In the elderly, low-energy distal femur fractures (native or periprosthetic) can be devastating injuries, carrying high rates of morbidity and mortality, comparable with the hip fracture population. Poor, osteoporotic bone quality facilitates fracture in a vulnerable anatomical region, and as a result, operative fixation can be challenging. With goals of early mobilization to reduce subsequent complication risk, using the nail plate combination technique can offer stable, balanced fixation allowing for immediate weight bearing and early mobilization. We outline the rationale, technical steps, and early clinical outcomes after nail plate combination in the treatment of osteoporotic distal femur (native or periprosthetic) fractures.
                Bookmark

                Author and article information

                Journal
                SICOT J
                SICOT J
                sicotj
                SICOT-J
                EDP Sciences
                2426-8887
                2024
                30 May 2024
                : 10
                : 20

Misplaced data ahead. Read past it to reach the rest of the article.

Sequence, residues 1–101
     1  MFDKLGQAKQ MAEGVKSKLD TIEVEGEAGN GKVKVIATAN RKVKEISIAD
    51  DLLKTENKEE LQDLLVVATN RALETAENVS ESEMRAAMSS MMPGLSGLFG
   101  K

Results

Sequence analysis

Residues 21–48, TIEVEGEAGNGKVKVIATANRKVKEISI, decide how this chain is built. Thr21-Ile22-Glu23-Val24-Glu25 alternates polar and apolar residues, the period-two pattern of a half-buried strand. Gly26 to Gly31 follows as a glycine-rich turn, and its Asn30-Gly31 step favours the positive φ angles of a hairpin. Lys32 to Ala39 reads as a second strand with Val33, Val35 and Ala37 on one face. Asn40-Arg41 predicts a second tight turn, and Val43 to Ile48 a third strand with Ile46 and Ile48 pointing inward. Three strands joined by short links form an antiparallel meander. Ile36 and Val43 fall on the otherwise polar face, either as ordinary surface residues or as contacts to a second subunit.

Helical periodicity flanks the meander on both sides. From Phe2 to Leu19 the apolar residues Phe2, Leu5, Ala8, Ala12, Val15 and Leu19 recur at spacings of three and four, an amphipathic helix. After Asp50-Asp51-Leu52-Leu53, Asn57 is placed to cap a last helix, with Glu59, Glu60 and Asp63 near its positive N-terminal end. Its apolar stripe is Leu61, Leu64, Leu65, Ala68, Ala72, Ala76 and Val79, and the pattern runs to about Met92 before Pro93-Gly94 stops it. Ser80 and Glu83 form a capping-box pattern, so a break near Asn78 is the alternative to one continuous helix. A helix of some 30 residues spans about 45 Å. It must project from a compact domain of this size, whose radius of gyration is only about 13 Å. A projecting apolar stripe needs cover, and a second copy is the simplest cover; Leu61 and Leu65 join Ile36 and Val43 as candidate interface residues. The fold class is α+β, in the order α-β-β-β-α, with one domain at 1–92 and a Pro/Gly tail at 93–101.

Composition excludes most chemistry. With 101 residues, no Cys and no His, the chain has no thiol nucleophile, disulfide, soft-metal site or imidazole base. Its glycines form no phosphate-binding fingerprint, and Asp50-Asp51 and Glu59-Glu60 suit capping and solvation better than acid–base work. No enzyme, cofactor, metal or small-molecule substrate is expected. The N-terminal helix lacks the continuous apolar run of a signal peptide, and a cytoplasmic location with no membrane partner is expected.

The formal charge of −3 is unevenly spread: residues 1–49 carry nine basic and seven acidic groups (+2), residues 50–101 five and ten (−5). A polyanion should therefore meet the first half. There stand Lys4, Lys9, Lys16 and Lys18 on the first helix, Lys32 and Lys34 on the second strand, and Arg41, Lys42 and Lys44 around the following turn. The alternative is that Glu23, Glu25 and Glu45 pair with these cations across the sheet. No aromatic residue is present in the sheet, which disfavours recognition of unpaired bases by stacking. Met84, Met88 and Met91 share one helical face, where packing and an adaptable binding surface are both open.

Affiliations
                Department of Trauma and Orthopaedics, Bedfordshire NHS Foundation Trust, Bedford Hospital South Wing, Kempston Road Bedford MK429DJ United Kingdom
                Author notes
                [* ]Corresponding author: georgesaraglis@ 123456icloud.com
                Author information
                http://orcid.org/0000-0001-5916-9183
                Article
                sicotj240021 10.1051/sicotj/2024016
                10.1051/sicotj/2024016
                11141519
                38819290
                3e231bb3-3b18-4678-9245-3b5d787ee990
                © The Authors, published by EDP Sciences, 2024

                This is an Open Access article distributed under the terms of the Creative Commons Attribution License ( https://creativecommons.org/licenses/by/4.0), which permits unrestricted use, distribution, and reproduction in any medium, provided the original work is properly cited.

                History
                : 03 March 2024
                : 23 April 2024
                Page count
                Figures: 3, Tables: 2, Equations: 0, References: 22, Pages: 8
                Categories
                Original Article
                Lower Limb

                distal femur fractures,nail/plate fixation,double fixation,augmented fixation

                Comments

                Comment on this article